'Species 2000' is the latest
UN/World Bank venture to
take an integrated look at
the world's biodiversity.
The current tally puts the
total number of plants,
animals, fungi and other
microorganisms at about
13.5 million species; estimates had varied
anywhere between seven to 20 million.
The new venture proposes to create a
unified data system covering all existing
species and will provide species information to the signatory countries to the biodiversity convention. It will be spearheaded
by Frank Bisby, leader of the biodiversity and bioinformatics research group in
Southampton University's School of
Biological Sciences in UK.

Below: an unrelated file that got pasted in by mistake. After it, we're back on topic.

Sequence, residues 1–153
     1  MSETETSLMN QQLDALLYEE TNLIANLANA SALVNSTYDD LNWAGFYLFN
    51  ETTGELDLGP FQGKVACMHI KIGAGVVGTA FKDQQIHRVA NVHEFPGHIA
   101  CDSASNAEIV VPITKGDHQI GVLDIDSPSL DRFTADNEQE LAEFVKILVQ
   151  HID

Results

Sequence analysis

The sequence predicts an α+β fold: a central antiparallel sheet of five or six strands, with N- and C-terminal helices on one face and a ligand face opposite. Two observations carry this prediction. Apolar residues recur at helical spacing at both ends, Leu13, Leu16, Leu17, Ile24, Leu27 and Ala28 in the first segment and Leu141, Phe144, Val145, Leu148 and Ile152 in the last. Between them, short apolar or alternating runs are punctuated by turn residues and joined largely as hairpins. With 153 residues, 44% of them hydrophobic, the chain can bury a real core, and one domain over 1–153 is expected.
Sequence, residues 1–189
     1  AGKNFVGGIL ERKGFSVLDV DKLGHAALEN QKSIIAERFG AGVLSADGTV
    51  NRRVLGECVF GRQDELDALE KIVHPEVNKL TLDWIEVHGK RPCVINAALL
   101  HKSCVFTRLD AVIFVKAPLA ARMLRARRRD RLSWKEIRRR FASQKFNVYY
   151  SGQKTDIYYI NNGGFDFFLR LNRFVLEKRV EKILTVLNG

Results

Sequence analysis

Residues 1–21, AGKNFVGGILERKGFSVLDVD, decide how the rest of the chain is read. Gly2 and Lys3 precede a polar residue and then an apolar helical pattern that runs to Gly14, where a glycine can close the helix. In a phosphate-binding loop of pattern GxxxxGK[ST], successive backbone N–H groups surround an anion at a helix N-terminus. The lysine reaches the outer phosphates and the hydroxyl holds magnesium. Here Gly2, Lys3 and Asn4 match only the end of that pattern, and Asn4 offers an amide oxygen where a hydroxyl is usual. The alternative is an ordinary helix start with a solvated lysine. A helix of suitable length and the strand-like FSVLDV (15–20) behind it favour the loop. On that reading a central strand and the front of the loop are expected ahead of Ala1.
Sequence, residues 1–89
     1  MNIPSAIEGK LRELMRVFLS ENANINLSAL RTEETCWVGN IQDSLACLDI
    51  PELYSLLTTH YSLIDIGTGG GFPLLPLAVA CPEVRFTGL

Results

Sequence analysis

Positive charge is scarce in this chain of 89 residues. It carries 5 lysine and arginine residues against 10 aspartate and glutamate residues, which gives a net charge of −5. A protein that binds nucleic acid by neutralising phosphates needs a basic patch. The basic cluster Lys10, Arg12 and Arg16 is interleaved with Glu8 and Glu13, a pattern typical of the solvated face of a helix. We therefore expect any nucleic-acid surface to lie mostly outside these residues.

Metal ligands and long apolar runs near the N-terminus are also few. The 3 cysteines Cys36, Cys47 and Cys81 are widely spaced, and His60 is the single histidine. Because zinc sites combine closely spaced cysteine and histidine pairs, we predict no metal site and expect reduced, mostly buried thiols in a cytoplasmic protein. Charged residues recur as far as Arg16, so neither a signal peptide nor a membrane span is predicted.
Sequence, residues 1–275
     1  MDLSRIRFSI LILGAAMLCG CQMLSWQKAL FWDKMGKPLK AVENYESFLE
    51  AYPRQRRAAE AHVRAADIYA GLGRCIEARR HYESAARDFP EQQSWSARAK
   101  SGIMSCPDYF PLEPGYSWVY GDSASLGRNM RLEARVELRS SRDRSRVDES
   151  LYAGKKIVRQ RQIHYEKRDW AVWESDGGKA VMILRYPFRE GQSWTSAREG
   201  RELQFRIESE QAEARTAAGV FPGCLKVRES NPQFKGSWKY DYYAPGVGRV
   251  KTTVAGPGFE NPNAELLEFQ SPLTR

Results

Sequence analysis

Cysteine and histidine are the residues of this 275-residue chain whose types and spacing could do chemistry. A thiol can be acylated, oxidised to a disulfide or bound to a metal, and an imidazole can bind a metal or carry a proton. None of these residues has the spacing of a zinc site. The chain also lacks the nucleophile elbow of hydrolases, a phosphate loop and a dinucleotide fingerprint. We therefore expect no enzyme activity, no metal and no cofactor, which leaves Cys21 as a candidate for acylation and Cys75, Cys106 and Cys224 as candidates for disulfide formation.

Things may just about look up for the beleaguered UN after the US decision to pay its dues to the world body for the current year. Madeleine Albright, the US ambassador to the UN announced at Norway on April 26 that her country, which owes more than US $1 billion to the UN, has voted to contribute its share for the 1996 fiscal year. However, attached to its decision to pay up is the condition that the UN must limit its spending to within a budget of US $2,608 billion for a period of two years.
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